4.    Training, Hand Over and On Going Support

Another major driver in job seeker dissatisfaction and being (inadvertently) set up to fail, is a lack of training and/or hand over. Even a highly experienced applicant will require a level of introduction to the business processes and systems. No matter how busy a line manager may be, the value of providing a decent introduction to business processes and having realistic expectations on new arrivals is vital. Part of a successful recruitment process includes planning and communicating to a potential job seeker about the training schedule. Job seekers value support and training when commencing a new role and if you can provide more detailed training than another business, you may just pip the competitor at the post.

5.    Career development and mentoring opportunities

Communicate to potential employees the career benefits of joining the business and can you demonstrate examples of other people who have progressed? When a hiring manager can show real examples of when the business has developed someone’s career, it is far more powerful than just saying it. Make sure you discuss what development opportunities there are. What type of mentoring and upskilling are you able to provide? This could make all the difference in a job seeker’s decision making process and we are finding many of these job seekers are seeking more than just another job. They want to know if you will invest in their personal development.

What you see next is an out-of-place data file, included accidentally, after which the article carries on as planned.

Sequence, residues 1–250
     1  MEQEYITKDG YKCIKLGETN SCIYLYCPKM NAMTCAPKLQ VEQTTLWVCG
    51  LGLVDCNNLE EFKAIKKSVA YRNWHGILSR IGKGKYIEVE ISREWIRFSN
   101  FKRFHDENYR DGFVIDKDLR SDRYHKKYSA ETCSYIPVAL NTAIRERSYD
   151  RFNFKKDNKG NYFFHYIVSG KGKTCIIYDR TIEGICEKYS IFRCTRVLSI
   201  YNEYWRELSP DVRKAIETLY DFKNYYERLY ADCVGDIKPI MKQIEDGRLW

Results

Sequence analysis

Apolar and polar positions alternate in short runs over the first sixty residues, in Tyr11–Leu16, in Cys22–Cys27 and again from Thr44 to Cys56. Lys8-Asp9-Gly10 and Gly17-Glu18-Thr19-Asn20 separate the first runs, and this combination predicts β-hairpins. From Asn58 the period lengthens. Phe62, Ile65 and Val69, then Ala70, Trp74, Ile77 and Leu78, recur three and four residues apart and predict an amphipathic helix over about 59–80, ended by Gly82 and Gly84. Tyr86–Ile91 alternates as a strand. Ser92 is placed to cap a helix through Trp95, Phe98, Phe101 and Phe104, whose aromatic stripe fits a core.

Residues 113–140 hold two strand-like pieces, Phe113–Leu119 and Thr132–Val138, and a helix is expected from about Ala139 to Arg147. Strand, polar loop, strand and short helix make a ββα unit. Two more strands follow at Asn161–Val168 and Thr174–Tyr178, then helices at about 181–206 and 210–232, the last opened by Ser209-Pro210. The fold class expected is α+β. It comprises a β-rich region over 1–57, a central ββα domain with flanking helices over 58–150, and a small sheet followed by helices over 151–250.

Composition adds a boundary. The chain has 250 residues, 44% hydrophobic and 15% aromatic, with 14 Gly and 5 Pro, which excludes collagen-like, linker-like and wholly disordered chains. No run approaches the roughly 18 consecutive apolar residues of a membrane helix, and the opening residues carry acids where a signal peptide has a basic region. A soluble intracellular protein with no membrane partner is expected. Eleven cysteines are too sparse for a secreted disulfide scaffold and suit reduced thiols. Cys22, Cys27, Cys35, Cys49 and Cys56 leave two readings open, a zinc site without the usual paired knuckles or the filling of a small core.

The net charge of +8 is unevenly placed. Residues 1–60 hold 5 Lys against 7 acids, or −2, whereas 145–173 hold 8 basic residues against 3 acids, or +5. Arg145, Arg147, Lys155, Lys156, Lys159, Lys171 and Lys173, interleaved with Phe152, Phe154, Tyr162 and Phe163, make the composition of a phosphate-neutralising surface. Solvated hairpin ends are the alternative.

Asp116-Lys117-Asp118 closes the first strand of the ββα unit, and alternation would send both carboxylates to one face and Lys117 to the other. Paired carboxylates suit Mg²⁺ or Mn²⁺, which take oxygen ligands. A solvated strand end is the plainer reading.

6.    Initiatives and benefits

Gone are the days where the ‘fruit bowl’ is classified as an initiative / perks or benefits. Job applicants are looking for what is going to add value to them, their career and their health. We have seen a wide array of benefits been added to help drive attraction and retention of top talent, so don’t be left behind. We have seen an increase in leave days, mental health days / initiatives, rewards and recognition programs, training and so much more. Job seekers are looking at the whole package of what you can offer, to ensure it is the right investment for them. So make it relevant and ensure you deliver on it.

7.    Workplace and Team Culture

Everyone is looking for the right cultural fit; but that is different for every individual you meet and it changes over the course of a career. The key factor to take on board here is, you need to know how to articulate and sell your business’ culture. Focus on all of the above and explain how that has helped you to retain your top performers, achieve goals and outcomes and develop careers within the business.

Decisions made by available talent are largely based on these factors and in this new environment of a mix of working from home and in the office, our recent experience is that this talent is less willing to travel than they had been in the past.

Identifying what you have to offer is the first step, then you need to document it, share it and deliver on it. Don’t sell the dream and then not follow through; that is how you will lose the talent you have worked so hard to attract, train and develop.

If you’re considering a career move and would like to hear more about opportunities that we have available, please email your CV through to:

Equally, if you are an employer considering a new hire for your team, please do get in touch for a no obligation discussion and to hear about the fantastic candidates I’m representing at any time.